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I have just started watching the Terminator franchise and finished till 2. But its ending had my mind boggling. If Skynet and Terminator, both are created by Cyberdyne, using the microprocessor that is created by Miles Dyson, but in the second part he dies before creating that microprocessor and Cyberdyne headquarters is destroyed, so that means Skynet was never created. But then where did the Terminator come from if it was never created. Isn't it a paradox? I don't know if later films explain it. Most say later sequels are bad, so I have not watched it.

  • Watch number 3. – Möoz May 9 at 0:44
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    I think this should be answerable with just #1 and #2 - When they made #2, they had no idea they'd be making a #3. But it's even more complicated than you think - the components which helped Cyberdyne create Skynet did themselves come from the future in which Skynet had been created - which is a bit like the Kyle / John scenario. – colmde May 9 at 7:44
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Time travel isn't real. The writers can make up whatever rules they want regarding it. If they don't want a paradox to be an issue, it won't be. It doesn't help that the franchise has had different views on how time travel/timelines work as it went along. The first movie was written as a pure casual time loop, Terminator 2 tried suggest Judgement Day could actually be prevented and then Terminator 3 disagreed but add a new explanation for for it begins.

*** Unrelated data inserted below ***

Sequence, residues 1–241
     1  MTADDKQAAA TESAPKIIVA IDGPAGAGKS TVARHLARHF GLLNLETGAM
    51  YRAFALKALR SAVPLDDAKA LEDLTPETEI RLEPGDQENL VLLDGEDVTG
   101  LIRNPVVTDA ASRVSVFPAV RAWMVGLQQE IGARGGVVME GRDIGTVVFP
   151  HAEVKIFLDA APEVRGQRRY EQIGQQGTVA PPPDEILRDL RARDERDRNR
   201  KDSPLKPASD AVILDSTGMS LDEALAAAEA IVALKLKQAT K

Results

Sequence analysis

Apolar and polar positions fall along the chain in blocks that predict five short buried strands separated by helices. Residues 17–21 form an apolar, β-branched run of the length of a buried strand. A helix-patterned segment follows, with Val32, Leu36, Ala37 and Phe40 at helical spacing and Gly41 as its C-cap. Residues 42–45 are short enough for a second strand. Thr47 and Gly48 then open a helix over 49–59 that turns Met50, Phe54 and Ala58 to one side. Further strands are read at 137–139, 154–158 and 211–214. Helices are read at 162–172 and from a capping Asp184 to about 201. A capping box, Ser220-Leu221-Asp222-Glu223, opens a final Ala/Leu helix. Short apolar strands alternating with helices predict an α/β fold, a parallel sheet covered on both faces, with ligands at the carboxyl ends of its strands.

Or as the Terminator in T3 explains regarding Judgment Day "You only postponed it. Judgment Day is inevitable." The whole point of Terminator 3 is showing how a different version of Skynet starts.

  • is it told in T3 who created the new version of Skynet if not Miles and Cyberdyne – Shantanu Shinde May 9 at 1:40
  • Time travel isn't real. Prove it ;-P – Möoz May 9 at 5:41
  • Of course "the writers can make up whatever"... but this question seems to me to be about whether what they made up is paradoxical or not... i.e. does it seem to make any kind of self-consistent sense, or is it (either intentionally, or unthinkingly) paradoxical, self-contradictory, and/or not making any real sense? – Dronz Jun 4 at 22:49
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In the Terminator franchise, creating a paradox isn't a problem; you have simply changed history, and the future you remember won't happen. The movies don't all take place in the same history. The SkyNet from T1, T3 and T5 all have different (but related) origins.

The Connors and SkyNet are playing a sort of cosmic chess, where every move changes history. SkyNet's moves ensure the creation of a SkyNet and threaten the Connors. The Connors' moves delay Judgement Day and threaten SkyNet. The game doesn't end as long as both sides live long enough to use the time machine.

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